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Chinese impersonated Texans to sabotage critical US rare earth minerals plant

Iphone Displaying Social Media Application (Pexels/Released)
June 29, 2022

Chinese agents pretending to be concerned Texans executed an online disinformation campaign against a company building a rare earth minerals facility in Texas for the Department of Defense, the cybersecurity firm Mandiant revealed on Tuesday. The Pentagon later released a statement confirming Mandiant’s findings.

Mandiant found that agents for a pro-China disinformation campaign used fake social media accounts to cast doubt on Lynas Rare Earth Ltd. and other mining firms in an effort to weaken the rare earth minerals supply chain in the United States and elsewhere.

Lynas is the largest rare earth mining company in the world and currently has a contract with the Pentagon to build a facility in Texas.

Mandiant said Chinese actors lied about being local Texans online in order to stir up opposition to Lynas building a rare earth minerals plant in Texas. They used thousands of fake Twitter and Facebook accounts to claim the plant would cause permanent environmental damage, in addition to exposing residents to harmful contamination that could cause cancer, gene mutation and newborn deformities.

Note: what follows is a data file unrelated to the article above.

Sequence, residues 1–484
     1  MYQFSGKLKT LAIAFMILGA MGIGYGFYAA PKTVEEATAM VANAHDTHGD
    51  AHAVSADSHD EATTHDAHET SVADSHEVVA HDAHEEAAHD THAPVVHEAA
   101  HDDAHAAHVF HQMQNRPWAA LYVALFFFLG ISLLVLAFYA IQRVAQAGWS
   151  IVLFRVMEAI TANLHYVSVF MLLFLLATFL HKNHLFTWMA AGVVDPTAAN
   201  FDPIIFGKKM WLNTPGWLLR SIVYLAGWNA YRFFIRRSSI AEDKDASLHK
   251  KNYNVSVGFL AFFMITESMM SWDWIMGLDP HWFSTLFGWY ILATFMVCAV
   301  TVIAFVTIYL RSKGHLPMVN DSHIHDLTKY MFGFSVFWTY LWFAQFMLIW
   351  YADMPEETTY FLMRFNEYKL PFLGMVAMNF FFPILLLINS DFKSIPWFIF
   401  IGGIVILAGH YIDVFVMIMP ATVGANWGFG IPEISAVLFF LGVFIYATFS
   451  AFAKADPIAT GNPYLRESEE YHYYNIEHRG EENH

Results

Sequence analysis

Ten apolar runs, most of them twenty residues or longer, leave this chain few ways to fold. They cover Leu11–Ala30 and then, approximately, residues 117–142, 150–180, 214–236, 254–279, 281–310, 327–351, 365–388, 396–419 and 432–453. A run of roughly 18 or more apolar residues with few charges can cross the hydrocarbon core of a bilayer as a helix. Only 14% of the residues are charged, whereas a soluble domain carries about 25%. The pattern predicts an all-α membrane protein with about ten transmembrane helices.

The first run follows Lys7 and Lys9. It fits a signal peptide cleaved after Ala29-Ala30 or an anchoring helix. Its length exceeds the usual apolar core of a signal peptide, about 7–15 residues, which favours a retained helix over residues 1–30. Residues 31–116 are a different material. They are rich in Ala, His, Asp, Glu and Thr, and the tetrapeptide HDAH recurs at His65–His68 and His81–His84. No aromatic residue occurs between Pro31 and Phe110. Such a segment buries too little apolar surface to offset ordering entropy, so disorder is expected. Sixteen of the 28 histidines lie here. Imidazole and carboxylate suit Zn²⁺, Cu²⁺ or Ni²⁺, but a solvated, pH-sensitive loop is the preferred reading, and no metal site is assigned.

The accounts “promoted various narratives in support of the political interests of the People’s Republic of China (PRC),” Mandiant said.

“We observed accounts post primarily in English, with an additional lesser amount of content in Chinese,” Mandiant said in a report on the campaign. “Additionally, we observed extremely limited messaging in Malay, and Dragonbridge accounts promoted photos of demonstrations against Lynas that took place in Malaysia sometime between 2012 and 2019, due to controversy surrounding the disposal of radioactive waste produced by its rare earths processing facility in the city of Kuantan.”

“Dragonbridge” is a code name used by Mandiant to identify Chinese disinformation efforts.

Liu Pengyu, a Chinese Embassy spokesman, said that while he has not seen Mandiant’s report, he thinks it is the result of “forces in the world” that want to slander China.

“China is one of the biggest victims of disinformation,” Liu said in an email, according to The Washington Times. “China always opposes the creation and dissemination of disinformation. There are some people and forces in the world who are keen to fabricate rumors, slander and discredit China.”

The disinformation campaign comes as China moves to dominate the market for rare earth minerals, which are used in numerous tech productions, including smartphones, TVs, medical equipment, water treatment systems and more.

“DoD appreciates the diligence of Mandiant in identifying this disinformation campaign, and will continue to work with our partners to provide accurate information related to this and other supply chain investments,” the Pentagon’s statement read.